When you realize engineering is not for you but you are already an engineer
One of the biggest problems that an engineer can have in his or her entire career is to realize one day that he or she doesn’t want to become an engineer anymore. Maybe he or she feels the profession isn’t his or her true calling, and that he or she is bound to do something else.
If you are one of those engineers, know that this is pretty normal.
There are engineers today who already want out of the field but fail to make the jump because they are too afraid to be judged. I mean, why would anyone leave a job that is considered as high-paying and seen with so much prestige?
Perhaps your reason to quit engineering is the lack of fulfillment at work. Don’t feel bad about it because that happens.
Amy Wrzesniewski, a Yale School of Management professor, made a sensible explanation about this and what to do about it. “Students think their calling is under a rock, and if they turn over enough rocks, they will find it,” she said.
One can never truly find his or her true calling if he or she does not give any job this one thing – a meaning.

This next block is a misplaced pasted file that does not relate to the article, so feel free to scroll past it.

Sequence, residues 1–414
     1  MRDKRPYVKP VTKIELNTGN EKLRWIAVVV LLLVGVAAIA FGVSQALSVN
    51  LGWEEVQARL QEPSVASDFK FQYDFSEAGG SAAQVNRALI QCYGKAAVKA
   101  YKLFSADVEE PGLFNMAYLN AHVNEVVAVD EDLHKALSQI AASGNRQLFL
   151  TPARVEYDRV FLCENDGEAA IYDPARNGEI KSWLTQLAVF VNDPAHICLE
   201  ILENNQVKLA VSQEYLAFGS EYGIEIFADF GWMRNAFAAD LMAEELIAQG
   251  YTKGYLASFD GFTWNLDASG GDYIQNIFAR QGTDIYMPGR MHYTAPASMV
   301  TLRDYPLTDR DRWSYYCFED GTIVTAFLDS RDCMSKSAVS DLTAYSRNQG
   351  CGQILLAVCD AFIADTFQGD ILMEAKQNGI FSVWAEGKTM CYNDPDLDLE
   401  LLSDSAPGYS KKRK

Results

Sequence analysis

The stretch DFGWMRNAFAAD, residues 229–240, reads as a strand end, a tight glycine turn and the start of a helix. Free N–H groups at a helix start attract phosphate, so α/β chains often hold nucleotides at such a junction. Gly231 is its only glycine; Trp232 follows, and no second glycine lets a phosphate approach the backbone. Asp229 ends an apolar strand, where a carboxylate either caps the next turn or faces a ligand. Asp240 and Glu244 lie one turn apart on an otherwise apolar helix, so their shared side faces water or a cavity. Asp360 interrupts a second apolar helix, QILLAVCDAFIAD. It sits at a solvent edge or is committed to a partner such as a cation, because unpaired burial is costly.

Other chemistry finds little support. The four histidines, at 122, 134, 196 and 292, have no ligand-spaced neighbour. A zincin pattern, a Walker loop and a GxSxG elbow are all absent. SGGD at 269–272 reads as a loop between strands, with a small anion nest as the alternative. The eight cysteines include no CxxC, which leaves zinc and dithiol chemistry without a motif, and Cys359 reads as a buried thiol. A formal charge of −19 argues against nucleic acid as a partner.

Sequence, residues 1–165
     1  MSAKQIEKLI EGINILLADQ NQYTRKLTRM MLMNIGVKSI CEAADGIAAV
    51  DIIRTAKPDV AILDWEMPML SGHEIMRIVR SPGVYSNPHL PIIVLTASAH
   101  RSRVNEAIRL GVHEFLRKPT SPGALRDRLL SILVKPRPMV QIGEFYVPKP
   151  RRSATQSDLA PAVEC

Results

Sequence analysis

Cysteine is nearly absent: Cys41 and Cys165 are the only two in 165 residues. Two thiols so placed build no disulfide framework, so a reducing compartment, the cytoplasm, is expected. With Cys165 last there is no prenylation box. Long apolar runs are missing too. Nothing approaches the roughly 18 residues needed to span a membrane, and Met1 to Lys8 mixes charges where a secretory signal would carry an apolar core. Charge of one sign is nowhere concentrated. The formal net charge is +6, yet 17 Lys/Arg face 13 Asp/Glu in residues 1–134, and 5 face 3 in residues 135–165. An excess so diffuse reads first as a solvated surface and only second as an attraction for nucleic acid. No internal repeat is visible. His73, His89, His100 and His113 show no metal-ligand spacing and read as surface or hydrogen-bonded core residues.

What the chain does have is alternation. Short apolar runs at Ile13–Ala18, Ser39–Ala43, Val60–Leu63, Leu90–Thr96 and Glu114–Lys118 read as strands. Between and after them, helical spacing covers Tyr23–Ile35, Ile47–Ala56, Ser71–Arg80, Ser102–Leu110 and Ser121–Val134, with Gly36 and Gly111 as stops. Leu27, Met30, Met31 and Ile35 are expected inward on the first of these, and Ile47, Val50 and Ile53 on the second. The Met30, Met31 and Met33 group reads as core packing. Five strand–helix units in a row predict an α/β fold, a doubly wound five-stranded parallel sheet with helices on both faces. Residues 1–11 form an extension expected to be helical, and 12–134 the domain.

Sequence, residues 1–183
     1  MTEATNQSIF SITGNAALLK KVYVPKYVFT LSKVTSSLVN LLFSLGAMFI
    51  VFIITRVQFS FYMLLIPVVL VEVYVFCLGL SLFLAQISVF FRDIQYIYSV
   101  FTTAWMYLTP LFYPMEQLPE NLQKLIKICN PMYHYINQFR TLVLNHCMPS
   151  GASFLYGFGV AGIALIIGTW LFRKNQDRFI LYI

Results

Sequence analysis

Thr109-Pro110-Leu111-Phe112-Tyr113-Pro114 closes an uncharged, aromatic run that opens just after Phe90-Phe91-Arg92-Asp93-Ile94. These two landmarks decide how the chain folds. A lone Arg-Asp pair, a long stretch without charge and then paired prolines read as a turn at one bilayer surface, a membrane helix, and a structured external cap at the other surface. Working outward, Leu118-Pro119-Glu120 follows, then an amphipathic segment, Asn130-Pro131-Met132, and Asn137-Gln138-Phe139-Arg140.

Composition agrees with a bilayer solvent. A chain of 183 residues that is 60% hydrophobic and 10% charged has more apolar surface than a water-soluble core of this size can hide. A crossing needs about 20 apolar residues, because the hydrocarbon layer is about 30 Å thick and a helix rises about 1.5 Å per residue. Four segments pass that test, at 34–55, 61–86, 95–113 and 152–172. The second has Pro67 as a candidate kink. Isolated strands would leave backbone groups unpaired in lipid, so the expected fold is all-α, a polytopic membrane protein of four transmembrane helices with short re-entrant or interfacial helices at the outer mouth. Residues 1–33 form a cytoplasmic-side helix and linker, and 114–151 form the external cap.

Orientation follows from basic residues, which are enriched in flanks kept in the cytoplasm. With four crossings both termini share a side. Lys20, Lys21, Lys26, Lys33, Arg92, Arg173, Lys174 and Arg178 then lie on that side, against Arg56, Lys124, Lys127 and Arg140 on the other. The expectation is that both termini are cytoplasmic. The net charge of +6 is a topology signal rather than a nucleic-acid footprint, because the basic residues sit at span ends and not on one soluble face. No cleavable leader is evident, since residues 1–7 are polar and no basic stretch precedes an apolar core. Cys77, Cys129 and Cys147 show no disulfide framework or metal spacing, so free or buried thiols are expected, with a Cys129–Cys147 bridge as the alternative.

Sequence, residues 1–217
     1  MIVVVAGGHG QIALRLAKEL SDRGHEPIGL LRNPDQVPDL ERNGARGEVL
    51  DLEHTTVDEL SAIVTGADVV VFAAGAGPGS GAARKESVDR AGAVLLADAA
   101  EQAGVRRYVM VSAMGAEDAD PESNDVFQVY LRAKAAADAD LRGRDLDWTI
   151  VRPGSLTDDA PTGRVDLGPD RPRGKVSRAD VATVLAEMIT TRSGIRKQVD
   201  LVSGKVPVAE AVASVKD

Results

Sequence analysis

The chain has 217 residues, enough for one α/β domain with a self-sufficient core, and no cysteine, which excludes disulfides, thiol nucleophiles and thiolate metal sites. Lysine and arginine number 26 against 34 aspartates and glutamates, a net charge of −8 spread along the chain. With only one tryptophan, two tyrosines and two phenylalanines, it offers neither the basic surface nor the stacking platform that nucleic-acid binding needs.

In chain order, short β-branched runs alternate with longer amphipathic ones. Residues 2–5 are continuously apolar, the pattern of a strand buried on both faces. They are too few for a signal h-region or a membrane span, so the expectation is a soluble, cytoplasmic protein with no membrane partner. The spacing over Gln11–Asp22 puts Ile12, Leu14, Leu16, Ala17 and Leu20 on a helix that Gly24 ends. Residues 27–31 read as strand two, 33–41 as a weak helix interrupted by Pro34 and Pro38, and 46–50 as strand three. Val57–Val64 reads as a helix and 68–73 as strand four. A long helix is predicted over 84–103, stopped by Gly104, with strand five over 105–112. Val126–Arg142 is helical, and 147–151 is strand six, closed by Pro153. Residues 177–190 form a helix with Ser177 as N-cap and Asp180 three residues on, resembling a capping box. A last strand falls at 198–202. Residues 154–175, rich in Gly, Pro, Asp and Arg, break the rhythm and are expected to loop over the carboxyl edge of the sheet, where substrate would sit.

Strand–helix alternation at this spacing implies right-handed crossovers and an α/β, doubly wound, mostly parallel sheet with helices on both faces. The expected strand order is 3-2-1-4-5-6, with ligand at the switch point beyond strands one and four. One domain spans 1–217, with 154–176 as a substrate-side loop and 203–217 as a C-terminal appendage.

Surveys show that meaning is the top thing that millennials want from a job. But Wrzesniewski’s research shows that less than 50% of people see their work as a calling. This leaves many of her students to feel anxious, frustrated, and unsatisfied even by the good jobs and careers that they have.
But notice that even the most common occupations in America – retail salesperson, cashier, food server, and office clerk – are not really jobs associated with “meaning.” And yet many people keep these jobs in the long run. Why?
Because they exist to help others. Just like clergy, teachers, and doctors, whose jobs are naturally humanitarian.
According to Adam Grant, a professor at the University of Pennsylvania’s Wharton School, people who see their work as a form of giving consistently rank their jobs as more meaningful.
This means that one can find meaning in any job in any organization. You just have to find it or become more conscious about whatever service you are providing.
In the case of engineers, you can think, in a bigger picture, about your job as something that helps humankind. The project, device, system, or product that you are working on once finally done will serve its purpose eventually. That is your service.
You do not have to change careers if you feel like you keep a meaningless job as an engineer. You only need to set a mindset and reframe your tasks as opportunities to help others. That should make your job as an engineer more significant to you.
Source: Harvard Business Review